It’s always been important to me that I have understood that these were my choices. When I was feeling scared or shuffled around or lost in the mix, I understood what my choices were. I understood that I wanted to be there for my kids or that I understood I was committed to this relationship and this was the way that I wanted to show up.
Quite frankly, now that my kids are older, I have more opportunities to spend on my work and on myself, but I wouldn’t trade the other. It doesn’t mean it’s not hard. Of course, it’s hard and it’s insane. The amount that we ask of ourselves in this world that we live in, I don’t know that we were set up to do this. We were meant to wake up with the sun, work, and figure out how to eat and be sheltered. When the sun went down, we were probably meant to get to bed. We probably weren’t flying around on airplanes and doing a million things.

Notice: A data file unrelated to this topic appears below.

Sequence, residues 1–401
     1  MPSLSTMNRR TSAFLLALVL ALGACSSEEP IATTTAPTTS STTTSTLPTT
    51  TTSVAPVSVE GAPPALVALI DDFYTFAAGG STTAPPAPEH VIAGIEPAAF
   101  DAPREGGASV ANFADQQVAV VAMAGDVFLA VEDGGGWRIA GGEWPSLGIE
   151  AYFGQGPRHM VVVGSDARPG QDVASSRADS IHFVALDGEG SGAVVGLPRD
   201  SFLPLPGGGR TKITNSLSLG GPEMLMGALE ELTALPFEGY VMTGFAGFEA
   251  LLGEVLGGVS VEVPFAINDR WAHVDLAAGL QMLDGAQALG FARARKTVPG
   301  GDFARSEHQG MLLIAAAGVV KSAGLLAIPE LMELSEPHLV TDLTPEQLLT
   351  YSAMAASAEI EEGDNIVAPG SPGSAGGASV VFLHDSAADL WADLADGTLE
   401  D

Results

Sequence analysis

Within this is also this understanding of, “We’re always bucking the way we live.” It’s not that it’s unreasonable. It’s just a lot to ask of ourselves. If you throw kids into that and be like, “They’re all going to be in 2 and 3 activities, and then I’m going to be on my phone and I’m going to be in this relationship,” life is more complicated than it’s supposed to be.